McCann says yesterday’s budget address was the governor’s last chance to lay out a budget in which he could lay out a plan that would allow for the repeal of the income tax increase.
"Here we are, two years later, after they stood up on these House and Senate floors and said 'If you give us the income tax increase we will work on reigning in spending and we will pay the past due bills'," says McCann. "Past due bills are up by 20 percent and spending is up by 5 percent. They did not make good on either one of those promises."
McCann says the state spends too much money on social programs, and makes too many promises it can't keep.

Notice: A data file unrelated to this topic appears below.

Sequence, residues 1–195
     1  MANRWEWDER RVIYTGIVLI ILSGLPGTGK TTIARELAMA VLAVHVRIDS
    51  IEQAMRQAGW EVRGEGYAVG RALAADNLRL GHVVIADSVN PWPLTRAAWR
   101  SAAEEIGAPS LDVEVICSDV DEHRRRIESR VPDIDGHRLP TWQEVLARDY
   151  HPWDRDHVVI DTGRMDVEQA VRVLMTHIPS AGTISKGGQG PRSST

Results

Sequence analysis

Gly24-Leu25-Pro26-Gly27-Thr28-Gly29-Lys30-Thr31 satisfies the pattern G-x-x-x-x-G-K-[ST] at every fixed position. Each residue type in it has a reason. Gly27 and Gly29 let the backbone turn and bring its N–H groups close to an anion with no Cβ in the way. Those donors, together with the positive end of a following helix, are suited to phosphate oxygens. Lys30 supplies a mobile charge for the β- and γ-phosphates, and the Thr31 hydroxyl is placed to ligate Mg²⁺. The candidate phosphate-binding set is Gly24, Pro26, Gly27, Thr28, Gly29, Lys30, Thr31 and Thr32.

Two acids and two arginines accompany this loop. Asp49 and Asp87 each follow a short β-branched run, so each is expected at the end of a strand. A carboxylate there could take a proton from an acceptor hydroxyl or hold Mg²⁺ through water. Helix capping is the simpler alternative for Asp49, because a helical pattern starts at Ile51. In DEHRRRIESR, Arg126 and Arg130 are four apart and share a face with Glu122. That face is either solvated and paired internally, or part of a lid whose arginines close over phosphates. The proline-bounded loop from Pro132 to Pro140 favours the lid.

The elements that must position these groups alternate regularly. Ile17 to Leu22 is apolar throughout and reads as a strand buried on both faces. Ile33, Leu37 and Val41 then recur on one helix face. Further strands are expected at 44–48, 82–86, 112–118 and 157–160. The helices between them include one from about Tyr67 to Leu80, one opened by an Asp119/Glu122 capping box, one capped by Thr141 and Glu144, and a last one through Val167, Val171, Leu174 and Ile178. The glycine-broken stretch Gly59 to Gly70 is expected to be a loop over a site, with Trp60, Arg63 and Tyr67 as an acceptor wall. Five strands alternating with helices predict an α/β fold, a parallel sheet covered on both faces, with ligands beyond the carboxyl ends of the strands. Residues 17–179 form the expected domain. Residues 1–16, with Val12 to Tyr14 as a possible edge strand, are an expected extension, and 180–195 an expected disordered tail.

Lower income tax rates could take about $7 billion out of the state's bank account, but McCann says he has a way to replenish the cash.
“There should be term limits - or time limits - as to how long you are on an entitlement program," says McCann. "I am for a social safety net, but I believe that social safety net should look more like a trampoline than a hammock."
In his budget address, Governor Quinn said the state will have about $35.6 billion to spend, but state reps think it'll be about half-a-billion less than that. They say the final budget will probably fall under Quinn's projected amount.
Lawmakers will have the final say on how the state uses the money next year. They start work on approving the budget now.
MetroSource News Network contributed to this story.